The Ronald McDonald House at Comer Children’s Hospital reopened its doors this past weekend after eight months of construction. Program Director Merdelle Gundlach said she is excited to get back to building a supportive community at the House, which serves families and patients at Comer Children’s.
In February, the house experienced flooding after a frozen pipe burst, causing $3.1 million worth of damage. The reconstruction project was initially expected to take three months but ended up taking eight as the organization fixed the damage and renovated the space for families.
Gundlach acknowledges that “it has been a difficult journey” to get the house running again, but said she is excited to welcome back families who were placed in the Hyatt Place hotel in Hyde Park while the house was being reconstructed.
“The biggest challenge was not really seeing the families all the time, because we really did not even meet them sometimes, because they would be at the hotel. So that was the part I missed the most,” Gunlach said.
Jessica Wardelle and her family, including her seven-year-old daughter Penelope and three-year-old daughter Scarlet, moved into the house the day it reopened on October 12. Scarlet recently underwent surgery for a skin condition.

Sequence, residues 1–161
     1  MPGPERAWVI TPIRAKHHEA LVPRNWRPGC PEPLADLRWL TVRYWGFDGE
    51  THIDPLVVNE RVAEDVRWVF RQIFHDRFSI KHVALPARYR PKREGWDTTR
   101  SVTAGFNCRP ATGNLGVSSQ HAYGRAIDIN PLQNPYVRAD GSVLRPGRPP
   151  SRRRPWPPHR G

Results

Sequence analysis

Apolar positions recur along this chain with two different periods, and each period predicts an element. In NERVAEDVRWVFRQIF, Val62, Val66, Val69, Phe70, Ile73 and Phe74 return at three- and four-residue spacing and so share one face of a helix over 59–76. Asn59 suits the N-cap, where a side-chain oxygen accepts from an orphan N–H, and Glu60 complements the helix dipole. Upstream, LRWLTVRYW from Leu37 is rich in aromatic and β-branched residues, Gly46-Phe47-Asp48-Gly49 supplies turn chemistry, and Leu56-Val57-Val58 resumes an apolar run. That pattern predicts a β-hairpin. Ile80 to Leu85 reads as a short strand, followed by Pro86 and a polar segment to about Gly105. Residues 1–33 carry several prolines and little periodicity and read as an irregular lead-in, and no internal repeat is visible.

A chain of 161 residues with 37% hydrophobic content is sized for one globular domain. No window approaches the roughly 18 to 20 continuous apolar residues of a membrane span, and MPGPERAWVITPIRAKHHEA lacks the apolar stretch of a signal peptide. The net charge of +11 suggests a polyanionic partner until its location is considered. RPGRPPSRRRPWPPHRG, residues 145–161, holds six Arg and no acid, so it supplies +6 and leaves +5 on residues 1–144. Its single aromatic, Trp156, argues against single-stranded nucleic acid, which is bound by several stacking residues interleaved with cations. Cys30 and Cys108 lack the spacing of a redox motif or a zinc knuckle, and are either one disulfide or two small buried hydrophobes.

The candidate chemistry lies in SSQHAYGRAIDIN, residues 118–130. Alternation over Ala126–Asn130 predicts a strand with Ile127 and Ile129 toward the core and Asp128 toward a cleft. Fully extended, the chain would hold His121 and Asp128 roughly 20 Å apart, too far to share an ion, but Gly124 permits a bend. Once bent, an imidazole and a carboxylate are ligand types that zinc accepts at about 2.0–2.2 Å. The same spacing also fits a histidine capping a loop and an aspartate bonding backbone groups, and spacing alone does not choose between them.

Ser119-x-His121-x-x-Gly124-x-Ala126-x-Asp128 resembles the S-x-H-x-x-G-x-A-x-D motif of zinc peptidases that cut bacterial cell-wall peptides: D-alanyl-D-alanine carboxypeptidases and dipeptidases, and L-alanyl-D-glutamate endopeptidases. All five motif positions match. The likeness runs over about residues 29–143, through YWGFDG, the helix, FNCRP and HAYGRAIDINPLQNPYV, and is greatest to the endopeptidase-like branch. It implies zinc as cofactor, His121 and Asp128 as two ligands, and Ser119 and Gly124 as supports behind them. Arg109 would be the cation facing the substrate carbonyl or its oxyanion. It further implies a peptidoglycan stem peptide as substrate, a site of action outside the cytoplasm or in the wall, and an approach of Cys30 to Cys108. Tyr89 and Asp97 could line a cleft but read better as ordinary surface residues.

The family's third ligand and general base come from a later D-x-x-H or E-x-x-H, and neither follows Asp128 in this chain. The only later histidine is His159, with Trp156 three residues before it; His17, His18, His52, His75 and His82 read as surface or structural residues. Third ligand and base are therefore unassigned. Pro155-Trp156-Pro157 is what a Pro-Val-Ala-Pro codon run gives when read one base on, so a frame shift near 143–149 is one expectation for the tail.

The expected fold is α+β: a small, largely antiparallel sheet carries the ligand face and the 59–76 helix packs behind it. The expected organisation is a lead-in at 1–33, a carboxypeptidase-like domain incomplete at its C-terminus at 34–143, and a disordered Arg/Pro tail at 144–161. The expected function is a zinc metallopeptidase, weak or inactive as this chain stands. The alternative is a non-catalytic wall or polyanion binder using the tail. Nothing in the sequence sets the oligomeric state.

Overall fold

Prior to the reopening of the Comer House, Wardelle and her family stayed at the Ronald McDonald House near the Loyola University Medical Center for Scarlet’s past surgeries. Wardelle said the experience of staying in a Ronald McDonald House was not only helpful but also gratifying, thanks to the sense of community.
“It feels really good to know you are not alone and you are all going through similar situations together…. It really makes the stay a lot nicer than being isolated in a hotel,” Wardelle said.
Wardelle also says staying in the house has helped Scarlet’s recovery from surgery by making her feel more comfortable and relaxed when she is not at the hospital.
The volunteers who assist in the daily demands of running the house are another part of the Ronald McDonald House community.
Betty Butridge has volunteered at the House for over 30 years and said she is ready to get back to making meals and helping families.
Butridge was saddened when she heard that the House would be temporarily shut down, because she would miss her connections with the families that stay at the House.
Butridge urges people to come volunteer at the House as operations resume. “It is just a warm place to be and I cannot think of a better place to spend my time,” she said.
Gundlach said the goal of the House going forward is to “keep families happy and make sure we service them.” Since 15 families moved in on opening weekend, there is plenty of work to be done.